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Spinal Compression Fracture: Facts, Symptoms and Treatment

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What is a Spinal Compression Fracture?

A spinal compression fracture is relatively common in elderly adults. These fractures are usually the result of osteoporosis and happen “when the weight of the upper body exceeds the ability of the bone within the [spine] to support the load.” (UCLA) Astonishingly, “up to 30 percent of compression fractures occur ... in bed.” (UCLA)

While varying in severity from person to person, severe compression fractures cause significant pain and usually prevent sufferers from performing normal daily activities.

Facts about Spinal Compression Fractures

According to American Association of Family Physicians:

• Spinal compression fractures affect approximately 25 percent of all postmenopausal women in the United States

• Approximately 40 percent of women over the age of 80 have spinal compression fractures

• Women with spinal compression fractures have a 15 percent higher mortality rate than those without

• With the growth of the over-65 segment of the population, incidence of spinal compression fractures is expected to increase

• Spinal compression fractures negatively affect the quality of life of patients

• Acute and chronic pain in elderly patients is commonly attributed to spinal compression fractures, which can often lead to other disabilities

• Psychosocial and emotional issues can affect a person with spinal compression fracture because of the loss of independence

Symptoms and Treatments of Spinal Compression Fracture

Symptoms of spinal compression fracture can include:

• Sudden onset of acute back pain
• Worsening of pain with standing or walking
• Lessening of pain when lying down
• Difficulty and pain with bending or twisting
• Loss of height
• Curved spine
• Pain associated with slight back strain during everyday activities such as lifting a bag of groceries, lifting a suitcase or corner of a mattress, bending over to tie shoes or pick something up

Because compression fractures are “impacted”by nature, they are normally stable so treatment is typically conservative without surgery, including bed rest, avoidance of prolonged activity, medications for pain management, muscle relaxants, back-braces and physical therapy. Surgery to reinforce the fractured vertebra may be indicated for patients who do not respond to conservative treatment.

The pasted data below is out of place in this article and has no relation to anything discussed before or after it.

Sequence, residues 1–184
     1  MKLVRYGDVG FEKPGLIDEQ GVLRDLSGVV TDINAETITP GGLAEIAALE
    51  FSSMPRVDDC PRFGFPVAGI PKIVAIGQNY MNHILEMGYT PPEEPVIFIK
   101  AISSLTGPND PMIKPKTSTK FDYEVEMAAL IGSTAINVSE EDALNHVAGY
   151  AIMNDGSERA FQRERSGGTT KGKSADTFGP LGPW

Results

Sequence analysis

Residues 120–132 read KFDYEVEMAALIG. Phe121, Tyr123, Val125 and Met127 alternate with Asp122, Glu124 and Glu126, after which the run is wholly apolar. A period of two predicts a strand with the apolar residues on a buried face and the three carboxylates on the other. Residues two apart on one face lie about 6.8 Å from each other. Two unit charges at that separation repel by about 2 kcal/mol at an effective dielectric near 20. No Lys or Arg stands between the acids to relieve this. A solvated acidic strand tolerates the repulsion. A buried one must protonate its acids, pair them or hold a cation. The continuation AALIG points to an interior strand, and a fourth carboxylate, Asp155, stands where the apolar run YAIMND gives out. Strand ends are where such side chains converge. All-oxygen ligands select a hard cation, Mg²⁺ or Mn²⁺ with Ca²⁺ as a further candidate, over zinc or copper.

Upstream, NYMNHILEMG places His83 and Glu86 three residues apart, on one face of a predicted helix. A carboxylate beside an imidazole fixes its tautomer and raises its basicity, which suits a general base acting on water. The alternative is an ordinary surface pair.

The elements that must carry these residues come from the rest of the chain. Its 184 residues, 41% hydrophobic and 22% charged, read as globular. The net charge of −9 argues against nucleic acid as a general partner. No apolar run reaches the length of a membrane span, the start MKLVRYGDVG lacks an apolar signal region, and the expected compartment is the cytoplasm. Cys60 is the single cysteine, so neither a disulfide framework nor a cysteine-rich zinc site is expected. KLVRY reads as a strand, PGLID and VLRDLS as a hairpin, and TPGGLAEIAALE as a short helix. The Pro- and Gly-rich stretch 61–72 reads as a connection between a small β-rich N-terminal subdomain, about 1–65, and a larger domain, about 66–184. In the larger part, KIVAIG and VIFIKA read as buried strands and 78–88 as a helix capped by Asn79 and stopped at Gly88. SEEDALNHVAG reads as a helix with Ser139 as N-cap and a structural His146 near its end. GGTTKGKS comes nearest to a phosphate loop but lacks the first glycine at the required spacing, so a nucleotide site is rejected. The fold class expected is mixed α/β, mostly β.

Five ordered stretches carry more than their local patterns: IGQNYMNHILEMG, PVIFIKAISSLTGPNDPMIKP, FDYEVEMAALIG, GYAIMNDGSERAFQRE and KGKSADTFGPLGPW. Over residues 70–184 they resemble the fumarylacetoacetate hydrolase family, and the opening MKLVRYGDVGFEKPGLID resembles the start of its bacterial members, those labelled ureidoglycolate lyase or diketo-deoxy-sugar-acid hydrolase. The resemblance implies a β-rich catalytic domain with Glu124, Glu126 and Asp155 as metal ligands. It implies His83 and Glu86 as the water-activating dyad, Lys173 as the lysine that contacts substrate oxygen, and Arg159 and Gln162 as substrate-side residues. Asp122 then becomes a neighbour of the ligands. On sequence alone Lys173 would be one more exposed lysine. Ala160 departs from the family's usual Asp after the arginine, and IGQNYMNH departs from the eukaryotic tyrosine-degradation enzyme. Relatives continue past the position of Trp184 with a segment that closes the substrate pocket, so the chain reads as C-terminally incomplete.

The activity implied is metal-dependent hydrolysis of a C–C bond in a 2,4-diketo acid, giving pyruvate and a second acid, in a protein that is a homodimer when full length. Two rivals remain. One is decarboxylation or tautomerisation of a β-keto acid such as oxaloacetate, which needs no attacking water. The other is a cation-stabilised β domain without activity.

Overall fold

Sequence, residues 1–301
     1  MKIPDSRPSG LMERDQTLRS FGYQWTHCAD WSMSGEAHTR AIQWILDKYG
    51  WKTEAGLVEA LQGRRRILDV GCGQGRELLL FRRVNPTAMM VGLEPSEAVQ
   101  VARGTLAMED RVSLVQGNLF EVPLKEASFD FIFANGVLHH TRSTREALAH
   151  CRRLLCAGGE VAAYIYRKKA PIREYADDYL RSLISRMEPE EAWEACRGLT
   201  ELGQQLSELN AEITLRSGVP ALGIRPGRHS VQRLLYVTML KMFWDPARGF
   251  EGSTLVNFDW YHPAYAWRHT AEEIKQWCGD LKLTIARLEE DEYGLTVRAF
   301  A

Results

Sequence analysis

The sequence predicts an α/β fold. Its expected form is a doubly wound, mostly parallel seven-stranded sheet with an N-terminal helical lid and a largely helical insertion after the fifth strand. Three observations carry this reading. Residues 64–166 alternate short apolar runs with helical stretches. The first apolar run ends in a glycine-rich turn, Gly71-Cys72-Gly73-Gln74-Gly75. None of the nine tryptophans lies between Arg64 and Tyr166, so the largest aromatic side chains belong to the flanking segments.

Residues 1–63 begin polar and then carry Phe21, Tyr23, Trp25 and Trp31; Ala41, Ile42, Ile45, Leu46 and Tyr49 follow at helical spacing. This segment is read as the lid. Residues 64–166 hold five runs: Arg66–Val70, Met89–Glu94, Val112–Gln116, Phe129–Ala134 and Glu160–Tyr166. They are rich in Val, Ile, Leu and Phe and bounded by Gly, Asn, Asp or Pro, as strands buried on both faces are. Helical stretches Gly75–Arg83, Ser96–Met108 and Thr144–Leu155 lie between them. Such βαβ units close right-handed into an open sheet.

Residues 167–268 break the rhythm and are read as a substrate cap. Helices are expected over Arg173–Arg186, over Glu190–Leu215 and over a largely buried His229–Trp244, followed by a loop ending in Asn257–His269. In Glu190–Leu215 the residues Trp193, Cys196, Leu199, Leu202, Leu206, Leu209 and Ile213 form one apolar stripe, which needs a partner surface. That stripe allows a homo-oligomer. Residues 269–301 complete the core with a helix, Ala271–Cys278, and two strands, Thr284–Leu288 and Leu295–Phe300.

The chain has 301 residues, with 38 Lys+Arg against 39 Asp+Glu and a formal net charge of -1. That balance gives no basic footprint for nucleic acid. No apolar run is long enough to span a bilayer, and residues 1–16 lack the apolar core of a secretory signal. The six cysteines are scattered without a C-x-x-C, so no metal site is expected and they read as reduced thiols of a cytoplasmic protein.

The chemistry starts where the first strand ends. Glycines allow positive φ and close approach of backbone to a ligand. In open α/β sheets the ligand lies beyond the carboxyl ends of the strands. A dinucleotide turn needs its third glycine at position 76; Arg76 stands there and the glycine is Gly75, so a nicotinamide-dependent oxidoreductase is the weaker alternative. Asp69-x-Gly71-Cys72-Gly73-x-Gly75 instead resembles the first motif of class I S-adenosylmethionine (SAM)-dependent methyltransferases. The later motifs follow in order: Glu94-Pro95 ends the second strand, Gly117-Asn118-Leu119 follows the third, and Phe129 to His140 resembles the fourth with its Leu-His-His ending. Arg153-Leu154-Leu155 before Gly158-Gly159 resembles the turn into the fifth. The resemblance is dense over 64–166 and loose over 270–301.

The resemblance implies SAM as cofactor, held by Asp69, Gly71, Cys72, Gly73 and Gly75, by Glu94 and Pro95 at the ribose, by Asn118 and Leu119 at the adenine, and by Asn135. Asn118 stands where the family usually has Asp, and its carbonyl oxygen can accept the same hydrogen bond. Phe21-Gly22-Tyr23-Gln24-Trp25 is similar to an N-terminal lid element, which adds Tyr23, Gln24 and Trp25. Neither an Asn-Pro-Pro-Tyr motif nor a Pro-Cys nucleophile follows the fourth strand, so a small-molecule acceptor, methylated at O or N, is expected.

“Most patients can make a full recovery or at least significant improvements from their compression fracture after six to 12 weeks, and can return to a normal exercise program after the fracture has fully healed. A well-balanced diet, regular exercise program, calcium and vitamin D supplements, smoking cessation, and medication to treat osteoporosis ... may help prevent additional compression fractures ... diagnosing and treating osteoporosis does indeed reduce the incidence of compression fractures.” (American Association of Family Physicians)


Symptoms of a Spinal Compression Fracture. WebMD. Web. Nov 17, 2011. http://www.webmd.com/osteoporosis/guide/spinal-compression-fractures-symptoms

“Vertebral Compression Fractures in the Elderly” by Jerry L. Old, M.D., & Michelle Calvert, M.D., University of Kansas School of Medicine, Kansas City & Wichita, Kansas. American Association of Family Physicians. Am Fam Physician. 2004 Jan 1;69(1):111-116. Web. Nov 17, 2011. http://www.aafp.org/afp/2004/0101/p111.html

Spinal Compression Fractures. UCLA Spine Center. Web. Nov 17, 2011. http://spinecenter.ucla.edu/body.cfm?xyzpdqabc=0&id=32&ref=28&oTopID=35&action=detail

Reviewed November 17, 2011
by Michele Blacksberg RN
Edited by Malu Banuelos

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We value and respect our HERWriters' experiences, but everyone is different. Many of our writers are speaking from personal experience, and what's worked for them may not work for you. Their articles are not a substitute for medical advice, although we hope you can gain knowledge from their insight.

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